Further, residents  did not like that the campus contained a fabricating shop as part of the complex, but Reynolds dropped that component of the layout to try and appease the residents. Opponents cited a concern that Saarinen had not even visited the project site before producing a design.

Ironically, William G. Reynolds, an owner of the company, was an Anchorage resident himself.

Noted Courier-Journal urban-affairs columnist Grady Clay called this planning conflict “one of the most controversial zoning debates” he ever covered. Then Louisville Mayor Andrew Broaddus was quoted saying, “This is a bitter disappointment.”

A conceptual rendering of Saarinen's complex at Newburg Road and Watterson Expressway.
A conceptual rendering of Saarinen’s complex at Newburg Road and Watterson Expressway.

After the battle in Anchorage, Reynolds purchased another 55-acre site at Newburg Road and the Watterson Expressway for a Saarinen-designed campus, but by then it was too late—the company decided to fold its research operations (and 750 executive and white-collar jobs) into another campus in Virginia. Mayor Broaddus even tried to persuade the company to locate its office building Downtown on the waterfront.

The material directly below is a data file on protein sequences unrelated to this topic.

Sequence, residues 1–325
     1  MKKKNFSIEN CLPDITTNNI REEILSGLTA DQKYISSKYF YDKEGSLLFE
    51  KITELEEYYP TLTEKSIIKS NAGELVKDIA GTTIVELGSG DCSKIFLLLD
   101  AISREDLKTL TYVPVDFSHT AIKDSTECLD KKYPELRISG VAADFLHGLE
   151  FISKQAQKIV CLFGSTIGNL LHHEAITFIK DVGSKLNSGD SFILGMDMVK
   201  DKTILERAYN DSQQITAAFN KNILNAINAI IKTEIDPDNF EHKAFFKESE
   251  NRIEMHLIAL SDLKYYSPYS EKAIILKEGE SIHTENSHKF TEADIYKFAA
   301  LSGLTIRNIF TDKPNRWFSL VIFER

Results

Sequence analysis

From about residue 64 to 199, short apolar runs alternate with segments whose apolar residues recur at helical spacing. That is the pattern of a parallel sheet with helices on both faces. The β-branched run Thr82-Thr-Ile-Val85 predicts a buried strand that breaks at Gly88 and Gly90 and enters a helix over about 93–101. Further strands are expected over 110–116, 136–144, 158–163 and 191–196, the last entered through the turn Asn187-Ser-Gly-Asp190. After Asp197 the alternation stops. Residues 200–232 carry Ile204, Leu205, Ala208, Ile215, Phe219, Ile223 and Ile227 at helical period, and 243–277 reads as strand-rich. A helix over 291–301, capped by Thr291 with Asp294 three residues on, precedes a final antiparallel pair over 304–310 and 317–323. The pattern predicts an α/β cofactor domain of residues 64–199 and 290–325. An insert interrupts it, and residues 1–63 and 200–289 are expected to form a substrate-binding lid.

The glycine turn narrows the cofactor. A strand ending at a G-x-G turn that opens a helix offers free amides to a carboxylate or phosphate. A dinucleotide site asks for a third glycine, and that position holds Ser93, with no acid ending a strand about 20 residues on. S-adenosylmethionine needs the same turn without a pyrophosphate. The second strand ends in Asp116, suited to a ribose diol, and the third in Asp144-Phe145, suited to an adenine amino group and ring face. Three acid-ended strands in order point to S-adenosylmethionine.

Now, some 60 years later, we’re left with the suburban sprawl surrounding scenic Anchorage, but we’re out a major headquarters and a design by one of the 20th century’s greatest architects.

The headquarters that Reynolds built in Virginia is now home to Altria/Philip Morris. (Courtesy Wikimedia Commons)
The headquarters that Reynolds built in Virginia is now home to Altria/Philip Morris. (Courtesy Wikimedia Commons)

Whatever happened to the Reynolds Aluminum research center? Shunned from Louisville, Reynolds took its high-paying, tax-producing jobs to a suburb of Richmond, Virginia, where the company’s entire headquarters was located before being purchased by Pittsburgh’s Alcoa.

Reynolds switched architects for its Virginia structure, choosing Gordon Bunshaft of Skidmore, Owings, & Merrill (SOM) instead of Saarinen. That structure is now listed on the National Register of Historic Places. The company valued architecture in all of its designs, which is evident in its main headquarters and its smaller field offices alike.

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2 COMMENTS

  1. “After the battle in Anchorage, Reynolds purchased another 55-acre site at Newburg Road and the Watterson Expressway for a Saarinen-designed campus, but by then it was too late…”

    Too late because? Why?

    I swear, y’all need an editor, badly.